Two mHealth approvals provide a snapshot of the agency’s evolution.
Not long ago, the U.S. Food and Drug Administration had a reputation of being behind, or even resistant to, the technological innovations that promised to improve healthcare. In 2012, a story in the Washington Post detailed one tech company’s multiyear, budget-busting fight to earn approval for a medical imaging app—the sort of program that is common today. But back then, similar clashes between the FDA and digital-health developers were the norm.
How things have changed. That same Washington Post article described the seeds that helped regulators and innovators begin to understand where they stood and, ultimately, how to change a process that had come to hamper healthcare’s high-tech revolution. Since then, FDA Commissioner Scott Gottlieb, MD, has further prioritized digital health, exploring fast lanes for software companies, launching data-driven initiatives, and calling on Silicon Valley to fight the opioid crisis.
“As part of our mission, we must also take steps to make sure that beneficial new technologies can efficiently advance and be made available to patients in a timely way,” Gottlieb said in April. “This is ultimately how patients are going to benefit from science.”
Just yesterday, two health-tech companies released two news briefs that further supported the idea that Gottlieb’s FDA is making strides in its mission to become more tech-friendly. By the morning’s end, the Swiss tech company Oculocare Medical and San Diego-based Companion Medical each announced approvals for their separate mobile health (mHealth) technologies.
The products were exactly the kind of thing that would have met great resistance, at great cost and delays going to market, from the FDA of old.
Oculocare’s Alleye is an mHealth app designed to monitor the eye and detect macular degeneration in certain patients, including those with diabetic retinopathy. After receiving a diagnosis, patients may take their own measurements via smartphones or tablets, which then transfer the data to physicians, who analyze the results. Europe approved the software last year.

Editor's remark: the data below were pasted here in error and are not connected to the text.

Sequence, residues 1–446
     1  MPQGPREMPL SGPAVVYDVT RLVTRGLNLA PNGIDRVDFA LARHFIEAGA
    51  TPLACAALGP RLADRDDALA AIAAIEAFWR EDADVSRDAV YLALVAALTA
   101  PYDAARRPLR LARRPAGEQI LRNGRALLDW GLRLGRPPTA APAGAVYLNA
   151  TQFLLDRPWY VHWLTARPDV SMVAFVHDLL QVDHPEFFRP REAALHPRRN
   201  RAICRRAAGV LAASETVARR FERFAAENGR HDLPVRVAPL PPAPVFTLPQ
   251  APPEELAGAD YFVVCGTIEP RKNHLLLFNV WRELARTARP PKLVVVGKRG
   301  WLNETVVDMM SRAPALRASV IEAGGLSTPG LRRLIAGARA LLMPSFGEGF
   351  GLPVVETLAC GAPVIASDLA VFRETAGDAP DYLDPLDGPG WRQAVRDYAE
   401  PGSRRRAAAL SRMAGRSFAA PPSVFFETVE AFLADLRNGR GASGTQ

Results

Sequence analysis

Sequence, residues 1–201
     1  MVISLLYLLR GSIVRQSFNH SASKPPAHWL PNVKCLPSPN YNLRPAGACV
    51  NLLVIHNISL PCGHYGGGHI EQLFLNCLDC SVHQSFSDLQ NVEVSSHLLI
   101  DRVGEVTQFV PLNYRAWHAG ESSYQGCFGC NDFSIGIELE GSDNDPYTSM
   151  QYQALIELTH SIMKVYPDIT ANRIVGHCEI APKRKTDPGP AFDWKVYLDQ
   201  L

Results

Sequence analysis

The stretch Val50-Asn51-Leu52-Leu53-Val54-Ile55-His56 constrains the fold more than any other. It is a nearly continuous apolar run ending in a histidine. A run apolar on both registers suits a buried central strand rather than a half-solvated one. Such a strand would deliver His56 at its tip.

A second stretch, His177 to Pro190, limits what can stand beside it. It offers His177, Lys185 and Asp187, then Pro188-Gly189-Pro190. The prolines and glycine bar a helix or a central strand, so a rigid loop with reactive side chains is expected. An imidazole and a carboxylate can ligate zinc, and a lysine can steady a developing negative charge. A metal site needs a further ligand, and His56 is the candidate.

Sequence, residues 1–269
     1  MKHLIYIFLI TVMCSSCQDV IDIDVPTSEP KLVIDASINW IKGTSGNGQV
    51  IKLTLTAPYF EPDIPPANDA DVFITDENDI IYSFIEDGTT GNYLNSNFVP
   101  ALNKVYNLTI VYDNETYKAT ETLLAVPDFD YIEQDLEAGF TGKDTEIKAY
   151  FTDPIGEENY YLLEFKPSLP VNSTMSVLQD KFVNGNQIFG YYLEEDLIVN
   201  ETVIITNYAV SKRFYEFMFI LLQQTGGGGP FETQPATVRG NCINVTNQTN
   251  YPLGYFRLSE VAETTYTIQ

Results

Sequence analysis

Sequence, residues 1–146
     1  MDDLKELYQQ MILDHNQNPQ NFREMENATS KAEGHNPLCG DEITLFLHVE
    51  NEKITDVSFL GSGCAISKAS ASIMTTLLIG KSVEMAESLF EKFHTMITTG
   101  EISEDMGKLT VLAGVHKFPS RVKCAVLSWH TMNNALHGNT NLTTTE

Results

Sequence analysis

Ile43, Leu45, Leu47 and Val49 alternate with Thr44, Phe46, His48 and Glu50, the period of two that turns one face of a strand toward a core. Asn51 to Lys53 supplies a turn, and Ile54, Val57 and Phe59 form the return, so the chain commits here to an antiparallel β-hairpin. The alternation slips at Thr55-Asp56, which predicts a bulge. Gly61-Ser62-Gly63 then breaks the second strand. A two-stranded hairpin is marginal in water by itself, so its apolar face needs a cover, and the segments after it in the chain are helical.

Companion Medical’s InPen app for Android, which works with a smart pen to improve diabetes care, also got the green light from the FDA, following the agency’s approval of its iOS companion last December. The technology package contains a dose calculator, insulin tracking, dose reminders, and more, all the while transmitting data to a patient’s healthcare provider.
Once upon a time, it would have been unlikely to hear of two mHealth approvals in a single day. But once upon a time, the FDA was a different agency.
The shift, of course, benefits companies that no longer need to spend as much time or money on complying with overly rigorous, outdated regulations. But the revamped focus is primarily for patients.
“We are very excited about the FDA clearance, which will help millions of patients with [age-related macular degeneration] to better manage their health by monitoring their eyesight,” noted Lucas Bachmann, Oculocare’s CEO and co-founder.
Still, it’s unclear how the FDA’s digital push will continue to unfold. After all, its leaders and industry partners are still working on the framework for its software precertification program—the initiative that could bring cutting-edge programs, including artificial intelligence systems, to market more quickly—and what it will ultimately look like. But one thing is clear: The FDA’s no longer holding on to the past.
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